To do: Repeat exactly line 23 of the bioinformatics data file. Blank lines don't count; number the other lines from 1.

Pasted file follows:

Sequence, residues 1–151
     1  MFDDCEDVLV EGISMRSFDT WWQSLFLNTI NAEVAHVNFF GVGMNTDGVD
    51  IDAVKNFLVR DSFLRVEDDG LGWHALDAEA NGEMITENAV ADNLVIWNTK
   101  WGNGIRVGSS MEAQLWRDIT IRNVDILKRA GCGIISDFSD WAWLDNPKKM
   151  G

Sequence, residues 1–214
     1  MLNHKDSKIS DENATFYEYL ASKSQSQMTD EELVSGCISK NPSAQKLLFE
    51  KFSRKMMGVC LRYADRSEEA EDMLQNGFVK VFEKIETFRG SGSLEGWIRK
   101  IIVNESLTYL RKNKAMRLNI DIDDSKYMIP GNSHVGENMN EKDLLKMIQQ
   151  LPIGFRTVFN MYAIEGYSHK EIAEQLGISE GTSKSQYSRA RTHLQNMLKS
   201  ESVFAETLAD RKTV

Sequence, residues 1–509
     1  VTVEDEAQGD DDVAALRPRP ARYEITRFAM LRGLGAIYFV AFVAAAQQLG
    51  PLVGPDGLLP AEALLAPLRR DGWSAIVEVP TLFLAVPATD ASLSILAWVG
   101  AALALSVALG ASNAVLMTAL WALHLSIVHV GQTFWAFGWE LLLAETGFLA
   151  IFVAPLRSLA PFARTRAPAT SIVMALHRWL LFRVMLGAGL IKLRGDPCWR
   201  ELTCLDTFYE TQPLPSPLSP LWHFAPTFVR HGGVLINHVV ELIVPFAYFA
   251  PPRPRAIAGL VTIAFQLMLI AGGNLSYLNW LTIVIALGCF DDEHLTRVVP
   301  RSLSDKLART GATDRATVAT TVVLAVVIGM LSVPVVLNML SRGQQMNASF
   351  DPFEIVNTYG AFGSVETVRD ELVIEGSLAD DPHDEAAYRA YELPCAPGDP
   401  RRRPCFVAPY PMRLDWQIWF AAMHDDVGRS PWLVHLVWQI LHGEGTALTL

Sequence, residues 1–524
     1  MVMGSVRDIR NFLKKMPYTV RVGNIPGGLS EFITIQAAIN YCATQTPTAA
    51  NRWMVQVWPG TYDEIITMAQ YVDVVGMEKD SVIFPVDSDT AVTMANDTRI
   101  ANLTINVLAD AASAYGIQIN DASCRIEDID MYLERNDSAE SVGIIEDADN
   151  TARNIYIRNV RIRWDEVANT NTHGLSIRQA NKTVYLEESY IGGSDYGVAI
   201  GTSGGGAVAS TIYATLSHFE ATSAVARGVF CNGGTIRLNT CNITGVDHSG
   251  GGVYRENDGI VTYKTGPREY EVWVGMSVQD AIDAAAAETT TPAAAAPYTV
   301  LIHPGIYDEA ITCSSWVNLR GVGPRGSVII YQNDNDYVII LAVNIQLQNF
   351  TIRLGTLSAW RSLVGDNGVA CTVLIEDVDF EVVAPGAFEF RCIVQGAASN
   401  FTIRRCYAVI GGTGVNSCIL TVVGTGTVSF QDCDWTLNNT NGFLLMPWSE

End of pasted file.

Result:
     1  MVMGSVRDIR NFLKKMPYTV RVGNIPGGLS EFITIQAAIN YCATQTPTAA